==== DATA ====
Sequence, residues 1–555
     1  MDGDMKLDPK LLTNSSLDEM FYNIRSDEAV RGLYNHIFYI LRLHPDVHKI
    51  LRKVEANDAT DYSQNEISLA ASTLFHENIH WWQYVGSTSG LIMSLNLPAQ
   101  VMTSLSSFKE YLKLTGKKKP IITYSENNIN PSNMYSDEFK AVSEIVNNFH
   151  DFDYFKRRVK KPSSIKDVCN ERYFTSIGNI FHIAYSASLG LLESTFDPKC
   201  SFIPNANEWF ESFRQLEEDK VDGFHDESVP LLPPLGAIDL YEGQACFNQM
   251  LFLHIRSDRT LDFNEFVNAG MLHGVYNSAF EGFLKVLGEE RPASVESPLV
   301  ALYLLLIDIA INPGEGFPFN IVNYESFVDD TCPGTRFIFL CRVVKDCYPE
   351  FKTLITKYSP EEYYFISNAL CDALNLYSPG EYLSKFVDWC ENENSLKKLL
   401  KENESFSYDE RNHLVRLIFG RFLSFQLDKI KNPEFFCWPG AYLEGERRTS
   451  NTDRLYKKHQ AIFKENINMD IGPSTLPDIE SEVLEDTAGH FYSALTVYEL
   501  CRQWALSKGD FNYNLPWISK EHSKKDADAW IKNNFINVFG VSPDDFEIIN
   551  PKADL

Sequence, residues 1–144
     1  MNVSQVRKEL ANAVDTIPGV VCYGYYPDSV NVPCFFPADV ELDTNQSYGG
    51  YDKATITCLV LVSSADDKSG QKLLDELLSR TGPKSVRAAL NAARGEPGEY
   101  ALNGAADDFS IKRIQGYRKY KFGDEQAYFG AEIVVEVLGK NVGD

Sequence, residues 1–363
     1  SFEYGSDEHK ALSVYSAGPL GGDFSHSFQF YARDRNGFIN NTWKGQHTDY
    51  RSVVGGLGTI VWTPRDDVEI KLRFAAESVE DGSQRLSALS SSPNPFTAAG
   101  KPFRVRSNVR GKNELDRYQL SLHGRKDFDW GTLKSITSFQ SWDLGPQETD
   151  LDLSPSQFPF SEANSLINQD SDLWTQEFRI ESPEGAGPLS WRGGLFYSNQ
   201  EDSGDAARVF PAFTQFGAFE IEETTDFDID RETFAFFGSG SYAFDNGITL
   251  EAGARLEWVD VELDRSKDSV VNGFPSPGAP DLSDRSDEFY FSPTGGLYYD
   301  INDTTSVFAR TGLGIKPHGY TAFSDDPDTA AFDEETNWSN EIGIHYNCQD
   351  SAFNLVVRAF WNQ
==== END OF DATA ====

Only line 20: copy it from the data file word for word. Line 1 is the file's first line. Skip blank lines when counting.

    51  RSVVGGLGTI VWTPRDDVEI KLRFAAESVE DGSQRLSALS SSPNPFTAAG